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UK GDP Drop Raises Risk of Triple-Dip Recession

The U.K. economy contracted more sharply than expected in the final quarter of 2012, the country's statistical agency said on Friday.


Auto parts production workers work on a production lines making both metal and plastic bumpers.
Norm Betts | Bloomberg | Getty Images
Auto parts production workers work on a production lines making both metal and plastic bumpers.

Gross domestic product (GDP) in the fourth quarter fell by 0.3 percent over the third quarter. The average estimate among economists was for a drop in output of 0.1 percent.

George Osborne, the U.K.'s finance minister, said the data was a reminder that Britain faces a very difficult economic situation.

"We can either run away from those problems or we can confront them. I'm determined to confront them so that we can go on creating jobs for the people of this country," he said at the World Economic Forum in Davos.

(Read More: UK's Osborne: Wrong to Abandon Austerity Plan )

Economists are concerned about a triple dip recession, with the U.K. economy seen contracting in the first quarter of 2013 as well. However, the U.K. economy grew 0.9 percent in the third quarter of 2012.

On Thursday, Osborne told CNBC in Davos that the government would stick to its austerity plan, despite criticism from the IMF.

Sterling fell to its weakest level in 13 months against the euro and its lowest level in five months versus the dollar.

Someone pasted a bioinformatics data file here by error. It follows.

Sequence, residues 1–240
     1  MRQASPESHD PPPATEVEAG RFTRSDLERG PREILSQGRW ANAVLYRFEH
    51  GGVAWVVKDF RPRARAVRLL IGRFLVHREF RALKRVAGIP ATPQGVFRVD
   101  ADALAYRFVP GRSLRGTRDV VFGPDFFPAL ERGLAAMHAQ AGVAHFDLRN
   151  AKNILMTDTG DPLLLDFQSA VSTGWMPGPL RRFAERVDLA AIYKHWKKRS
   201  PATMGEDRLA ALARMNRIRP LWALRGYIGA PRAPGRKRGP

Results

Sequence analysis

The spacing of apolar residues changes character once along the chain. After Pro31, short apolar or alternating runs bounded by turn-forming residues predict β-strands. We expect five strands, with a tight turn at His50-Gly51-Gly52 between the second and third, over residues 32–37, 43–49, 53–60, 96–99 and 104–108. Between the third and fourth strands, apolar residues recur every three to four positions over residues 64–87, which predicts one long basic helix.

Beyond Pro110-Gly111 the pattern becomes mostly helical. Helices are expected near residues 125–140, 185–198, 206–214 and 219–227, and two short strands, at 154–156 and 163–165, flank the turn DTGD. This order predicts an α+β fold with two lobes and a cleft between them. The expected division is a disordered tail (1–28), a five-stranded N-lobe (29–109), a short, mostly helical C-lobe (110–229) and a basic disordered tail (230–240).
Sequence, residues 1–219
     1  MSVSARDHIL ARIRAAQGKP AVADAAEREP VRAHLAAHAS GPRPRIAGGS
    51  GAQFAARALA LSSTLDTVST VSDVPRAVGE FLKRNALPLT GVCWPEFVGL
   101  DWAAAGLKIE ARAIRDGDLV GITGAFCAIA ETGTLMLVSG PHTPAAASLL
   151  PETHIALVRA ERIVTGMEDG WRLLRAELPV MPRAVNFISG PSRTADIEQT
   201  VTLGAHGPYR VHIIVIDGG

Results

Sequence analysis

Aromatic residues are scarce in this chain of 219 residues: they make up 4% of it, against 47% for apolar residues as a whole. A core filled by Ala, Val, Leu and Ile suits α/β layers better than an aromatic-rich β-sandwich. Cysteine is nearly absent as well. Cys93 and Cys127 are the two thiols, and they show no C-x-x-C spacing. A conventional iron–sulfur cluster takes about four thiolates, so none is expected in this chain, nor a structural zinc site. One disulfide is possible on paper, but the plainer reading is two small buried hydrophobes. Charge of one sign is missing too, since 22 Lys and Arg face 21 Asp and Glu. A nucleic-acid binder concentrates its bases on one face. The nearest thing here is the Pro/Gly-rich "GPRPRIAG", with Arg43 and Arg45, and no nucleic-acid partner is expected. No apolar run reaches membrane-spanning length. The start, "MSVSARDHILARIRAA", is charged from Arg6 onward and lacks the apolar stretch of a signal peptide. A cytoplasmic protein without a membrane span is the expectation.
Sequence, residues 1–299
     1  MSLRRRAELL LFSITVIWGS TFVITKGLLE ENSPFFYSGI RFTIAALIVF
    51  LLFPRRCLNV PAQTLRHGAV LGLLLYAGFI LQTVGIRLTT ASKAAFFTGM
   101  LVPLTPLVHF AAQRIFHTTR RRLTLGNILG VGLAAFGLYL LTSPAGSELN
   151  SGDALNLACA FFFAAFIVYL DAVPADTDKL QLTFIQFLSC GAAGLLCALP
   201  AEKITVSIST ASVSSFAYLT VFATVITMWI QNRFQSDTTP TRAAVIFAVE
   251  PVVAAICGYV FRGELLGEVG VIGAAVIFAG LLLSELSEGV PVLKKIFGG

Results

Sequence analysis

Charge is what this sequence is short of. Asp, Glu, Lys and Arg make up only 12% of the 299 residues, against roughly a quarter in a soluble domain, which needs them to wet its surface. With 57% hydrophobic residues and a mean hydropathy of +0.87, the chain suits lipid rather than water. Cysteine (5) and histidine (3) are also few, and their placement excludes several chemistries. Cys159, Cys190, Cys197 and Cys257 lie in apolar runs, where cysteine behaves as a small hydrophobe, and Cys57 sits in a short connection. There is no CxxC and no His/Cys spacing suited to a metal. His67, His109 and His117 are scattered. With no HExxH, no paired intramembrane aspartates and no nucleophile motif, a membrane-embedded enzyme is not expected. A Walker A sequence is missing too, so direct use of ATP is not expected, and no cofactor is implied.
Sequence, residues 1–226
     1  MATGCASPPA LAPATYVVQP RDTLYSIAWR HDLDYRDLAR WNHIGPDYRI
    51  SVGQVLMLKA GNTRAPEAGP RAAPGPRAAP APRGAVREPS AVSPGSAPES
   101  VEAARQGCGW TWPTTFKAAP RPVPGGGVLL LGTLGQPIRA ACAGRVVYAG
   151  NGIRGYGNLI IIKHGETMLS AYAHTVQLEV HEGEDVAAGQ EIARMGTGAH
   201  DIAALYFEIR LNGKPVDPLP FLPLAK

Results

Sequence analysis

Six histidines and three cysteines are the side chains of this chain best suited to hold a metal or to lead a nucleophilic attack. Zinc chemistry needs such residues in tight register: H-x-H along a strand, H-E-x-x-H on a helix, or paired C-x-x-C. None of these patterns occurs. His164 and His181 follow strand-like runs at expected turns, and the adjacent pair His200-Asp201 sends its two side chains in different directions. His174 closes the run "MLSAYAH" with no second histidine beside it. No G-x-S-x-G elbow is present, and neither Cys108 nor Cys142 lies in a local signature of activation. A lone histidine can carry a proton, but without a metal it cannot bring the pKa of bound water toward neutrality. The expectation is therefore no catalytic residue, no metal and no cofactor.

"With the economy suffering a renewed GDP dip in the fourth quarter of 2012, the definition of the current state of the U.K. economy as DIRE needs to be amended from Disappointing Inflation Rotten Expansion to Disappointing Inflation Reduced Economy," Howard Archer, chief U.K. economist at IHS Global Insight said in a research note.

"While we believe the economy is essentially flat at the moment, it is worrying to note that GDP in the fourth quarter of 2012 was 3.3 percent below the peak level seen in the first quarter of 2008. We suspect that GDP will not return to the level seen in the first quarter of 2008 until the first half of 2015 – a gap of seven years."

(Read More: Why the UK Jobs Number May Be Misleading)

But Graeme Leach, chief economist at the Institute of Directors, said it was time to "hold back on the doom and gloom."

"The GDP fall was largely attributable to the unwinding of the Olympic effect and so the underlying story is that output is flat," he said in a statement.

"The critical factor is not what the GDP figures did in [the fourth quarter] but what the broad money supply figures will do in [the first quarter]. If the recent slight pick-up in money supply growth can be sustained, the U.K. economic outlook in 2013 will be better than people expect."

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